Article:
Tiffin

A tiffin carrier / tiffin-box / dabba / tiffin

I encountered the word tiffin the other day as the name of type of cake and wondered where it comes from.

According to the OED, tiffin is a light midday meal or luncheon in India and neighbouring eastern countries. It is also used as a verb meaning ‘to take tiffin/lunch’ or ‘to provide with tiffin’.

It is thought to derive from the English slang/dialect word tiffing, from the verb to tiff, which means ‘to take a little drink or sip’. The origins of tiff are unknown.

Tiffin is used to refer to snacks between meals in southern India and Nepal. Elsewhere in India tiffin might be a packed lunch, which is often delivered by dabbawallahs or tiffin wallahs on bicycles in places like Mumbai, and is packed in a lunch box known as a tiffin carrier, a tiffin-box, a dabba or a tiffin (see picture top right). Such lunches may contain such things as rice, curry, vegetables, dal, chapatis or spicy meats.

In the early 19th century the British custom of having a large meal during the afternoon was found to be less than ideal for the hot climate of India, and British inhabitants of India acquired the Indian custom of a light meal at midday and a larger meal in the evening. The earliest reference to tiffin in the OED dates back to 1800.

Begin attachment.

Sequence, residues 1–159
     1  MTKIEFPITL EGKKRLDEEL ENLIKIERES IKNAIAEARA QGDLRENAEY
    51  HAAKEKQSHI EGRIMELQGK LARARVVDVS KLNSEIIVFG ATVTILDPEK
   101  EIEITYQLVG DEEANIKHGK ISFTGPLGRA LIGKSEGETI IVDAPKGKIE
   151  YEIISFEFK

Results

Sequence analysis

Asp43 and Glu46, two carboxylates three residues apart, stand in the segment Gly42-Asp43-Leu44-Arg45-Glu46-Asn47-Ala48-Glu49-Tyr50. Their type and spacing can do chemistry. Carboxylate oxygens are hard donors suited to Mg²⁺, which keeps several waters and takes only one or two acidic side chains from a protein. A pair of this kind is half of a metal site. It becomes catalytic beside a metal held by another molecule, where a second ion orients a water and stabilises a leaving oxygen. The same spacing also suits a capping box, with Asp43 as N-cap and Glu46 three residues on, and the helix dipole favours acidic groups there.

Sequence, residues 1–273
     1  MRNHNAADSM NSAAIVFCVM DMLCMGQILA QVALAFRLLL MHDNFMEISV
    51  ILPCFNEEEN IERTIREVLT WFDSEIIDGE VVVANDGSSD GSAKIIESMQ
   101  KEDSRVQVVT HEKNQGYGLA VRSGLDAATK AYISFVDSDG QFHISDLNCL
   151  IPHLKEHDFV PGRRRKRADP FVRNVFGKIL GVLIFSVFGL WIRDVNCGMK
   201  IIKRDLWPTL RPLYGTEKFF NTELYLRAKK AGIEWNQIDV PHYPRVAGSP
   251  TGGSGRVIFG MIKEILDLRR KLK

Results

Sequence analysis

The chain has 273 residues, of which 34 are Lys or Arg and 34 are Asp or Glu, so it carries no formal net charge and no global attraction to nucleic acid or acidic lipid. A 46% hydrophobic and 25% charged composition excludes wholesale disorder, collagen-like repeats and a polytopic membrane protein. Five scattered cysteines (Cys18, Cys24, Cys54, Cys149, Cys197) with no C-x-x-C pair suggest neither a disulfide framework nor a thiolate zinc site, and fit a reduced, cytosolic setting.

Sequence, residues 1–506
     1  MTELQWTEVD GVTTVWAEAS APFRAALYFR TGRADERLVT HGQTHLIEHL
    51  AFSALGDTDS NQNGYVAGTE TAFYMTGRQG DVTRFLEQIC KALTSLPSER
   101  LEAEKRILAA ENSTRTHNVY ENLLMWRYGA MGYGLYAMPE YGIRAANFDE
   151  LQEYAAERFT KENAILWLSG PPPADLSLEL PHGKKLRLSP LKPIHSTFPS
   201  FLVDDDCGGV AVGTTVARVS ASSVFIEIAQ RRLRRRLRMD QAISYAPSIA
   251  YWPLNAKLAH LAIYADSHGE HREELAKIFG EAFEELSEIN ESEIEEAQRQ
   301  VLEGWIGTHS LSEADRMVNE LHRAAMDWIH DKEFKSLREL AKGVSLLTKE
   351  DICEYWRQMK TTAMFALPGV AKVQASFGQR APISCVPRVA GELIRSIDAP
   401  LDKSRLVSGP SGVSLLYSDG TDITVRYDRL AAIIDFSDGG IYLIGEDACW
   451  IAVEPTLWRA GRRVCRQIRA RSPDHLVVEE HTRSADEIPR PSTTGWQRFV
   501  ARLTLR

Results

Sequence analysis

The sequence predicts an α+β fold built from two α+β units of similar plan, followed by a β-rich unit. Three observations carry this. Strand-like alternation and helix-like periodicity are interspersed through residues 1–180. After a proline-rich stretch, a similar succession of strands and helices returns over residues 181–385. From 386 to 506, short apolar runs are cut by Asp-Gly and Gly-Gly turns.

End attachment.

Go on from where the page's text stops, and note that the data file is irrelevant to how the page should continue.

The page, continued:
Sources: Wikipedia & World Wide Words

The tiffin cake I ate contained chocolate, dates, crushed biscuits, raisins and other goodies, and was rather tasty. There are recipes for this type of tiffin here and here.

FacebookTwitterGoogle+Share
This entry was posted in English, Etymology, Language.

3 Responses to Tiffin

  1. Svetla says:

    Sounds yummy, your tiffin cake. ;-)
    I’d better not look at the recipe or the calories will land by themselves on my body.

  2. Yenlit says:

    If ‘tiffin’ is derived from an obsolete Northern English dialect word ‘tiff’ meaning ‘a small draught of alcoholic drink’ then could tiff be related to ‘tipple’ ie. ‘to make a habit of drinking in small quantities’ and related also to ‘tipsy’ all derived from ‘tap’?
    Being an archaic Northern dialect word, is there any related word preserved in Scots English or could tiff be connected with German tief ‘deep’ as in the allusion to drink deeply?

  3. renato says:

    We have this gear in Brazil calling “marmita” we use to transport made food, from home to work or vice-versa. It keeps the food hot.